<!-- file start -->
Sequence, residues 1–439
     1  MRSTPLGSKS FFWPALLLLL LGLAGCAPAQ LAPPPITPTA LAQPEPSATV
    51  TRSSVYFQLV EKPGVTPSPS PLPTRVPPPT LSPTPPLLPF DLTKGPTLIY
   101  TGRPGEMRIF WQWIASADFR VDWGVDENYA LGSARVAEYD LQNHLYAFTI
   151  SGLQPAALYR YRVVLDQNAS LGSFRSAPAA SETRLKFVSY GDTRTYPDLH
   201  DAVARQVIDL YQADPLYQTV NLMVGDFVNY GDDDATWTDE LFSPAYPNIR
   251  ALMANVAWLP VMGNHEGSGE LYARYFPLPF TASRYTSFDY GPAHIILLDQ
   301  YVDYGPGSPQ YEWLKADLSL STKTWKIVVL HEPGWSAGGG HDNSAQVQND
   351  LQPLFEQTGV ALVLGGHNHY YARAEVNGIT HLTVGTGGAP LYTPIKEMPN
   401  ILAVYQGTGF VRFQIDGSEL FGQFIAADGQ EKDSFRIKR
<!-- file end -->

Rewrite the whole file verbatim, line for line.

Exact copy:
Sequence, residues 1–439
     1  MRSTPLGSKS FFWPALLLLL LGLAGCAPAQ LAPPPITPTA LAQPEPSATV
    51  TRSSVYFQLV EKPGVTPSPS PLPTRVPPPT LSPTPPLLPF DLTKGPTLIY
   101  TGRPGEMRIF WQWIASADFR VDWGVDENYA LGSARVAEYD LQNHLYAFTI
   151  SGLQPAALYR YRVVLDQNAS LGSFRSAPAA SETRLKFVSY GDTRTYPDLH
   201  DAVARQVIDL YQADPLYQTV NLMVGDFVNY GDDDATWTDE LFSPAYPNIR
   251  ALMANVAWLP VMGNHEGSGE LYARYFPLPF TASRYTSFDY GPAHIILLDQ
   301  YVDYGPGSPQ YEWLKADLSL STKTWKIVVL HEPGWSAGGG HDNSAQVQND
   351  LQPLFEQTGV ALVLGGHNHY YARAEVNGIT HLTVGTGGAP LYTPIKEMPN
   401  ILAVYQGTGF VRFQIDGSEL FGQFIAADGQ EKDSFRIKR